On analyzing the impact of carbohydrate on obesity, it is necessary to focus on the research of the influence of low carbohydrate diet on people. In this respect, it is possible to refer to the study conducted by Gary D. Foster et al. (2003), where the researchers studied the impact of the low carbohydrate diet on obesity. The base-line characteristic of subjects is presented in the Table 1 (see below).
Table 1. Base-Line Characteristics of the Subjects.
In fact, researchers attempted to select subjects representing different sex and racial group in order to obtain possibly more objective results. This is very important because, in the contemporary society, the problem of obesity affects practically all layers of society, regardless of gender and race. Therefore, it is necessary to understand possible impact of the low carbohydrate diet on representative of different groups of population.
The results of the research reveal the fact that the low carbohydrate diet does contribute to the decrease of the weight of the subjects compared to the control group, which used a conventional diet (see table 2).
Table 2.

On the other hand, Figure 1 shows that the research which was conducted within a year proved a very interesting trend. Subjects using the low carbohydrate diet has lost consistently their weight compared to the control group using conventional diet. However, by the end of the experiment the gap between weight curves of the group using the low carbohydrate diet and the group using conventional diet has started to close (figure 1). In such a way, it is possible to presuppose that the low carbohydrate diet does not necessarily leads to positive results in a long-run perspective.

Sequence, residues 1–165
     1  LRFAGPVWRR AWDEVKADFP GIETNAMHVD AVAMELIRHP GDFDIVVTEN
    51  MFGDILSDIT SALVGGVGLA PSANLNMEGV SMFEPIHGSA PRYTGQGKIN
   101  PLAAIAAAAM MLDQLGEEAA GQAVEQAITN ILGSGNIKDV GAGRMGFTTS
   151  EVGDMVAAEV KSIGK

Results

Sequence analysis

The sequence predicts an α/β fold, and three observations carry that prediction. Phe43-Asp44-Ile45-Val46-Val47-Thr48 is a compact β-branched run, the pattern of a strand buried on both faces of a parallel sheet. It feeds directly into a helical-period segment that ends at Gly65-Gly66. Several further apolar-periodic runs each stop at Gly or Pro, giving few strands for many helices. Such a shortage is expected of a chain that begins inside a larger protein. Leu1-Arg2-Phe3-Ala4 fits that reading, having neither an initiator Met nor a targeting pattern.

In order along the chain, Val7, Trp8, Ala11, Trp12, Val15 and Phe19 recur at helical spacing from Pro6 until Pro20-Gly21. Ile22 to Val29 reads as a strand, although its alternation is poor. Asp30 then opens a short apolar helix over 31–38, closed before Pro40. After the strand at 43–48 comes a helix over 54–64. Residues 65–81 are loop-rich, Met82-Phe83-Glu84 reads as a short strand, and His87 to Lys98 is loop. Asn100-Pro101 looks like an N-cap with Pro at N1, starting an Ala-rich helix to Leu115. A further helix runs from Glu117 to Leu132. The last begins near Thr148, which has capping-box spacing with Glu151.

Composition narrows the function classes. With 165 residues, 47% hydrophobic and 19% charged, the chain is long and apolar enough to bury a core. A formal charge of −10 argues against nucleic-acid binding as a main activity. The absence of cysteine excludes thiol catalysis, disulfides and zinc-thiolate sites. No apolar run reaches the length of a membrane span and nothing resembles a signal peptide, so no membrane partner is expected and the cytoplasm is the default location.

Figure 1. Mean (±SE) Percent Change in Weight among Subjects on the Low-Carbohydrate Diet and Those on the Conventional (Low-Calorie, High-Carbohydrate) Diet, According to an Analysis in Which Base-Line Values Were Carried Forward in the Case of Missing Values (Panel A) or an Analysis That Included Data on Subjects Who Completed the Study and Data Obtained at the Time of the Last Follow-up Visit for Those Who Did Not Complete the Study (Panel B).
In Panel B, the low-carbohydrate group had 28 subjects at 3 months, 24 subjects at 6 months, and 20 subjects at 12 months and the conventional-diet group had 21 subjects at 3 months, 18 subjects at 6 months, and 17 subjects at 12 months. Asterisks indicate a significant difference (P<0.05) between the groups.

Moreover, the researchers revealed even a more disturbing fact. The Figure 2 shows that the percentage of subjects with a positive urinary ketone concentration was consistently higher among people using the low carbohydrate diet compared to people using the conventional diet. Therefore, it is possible to estimate that the low carbohydrate diet can expose people to a risk of development other health problems but obesity.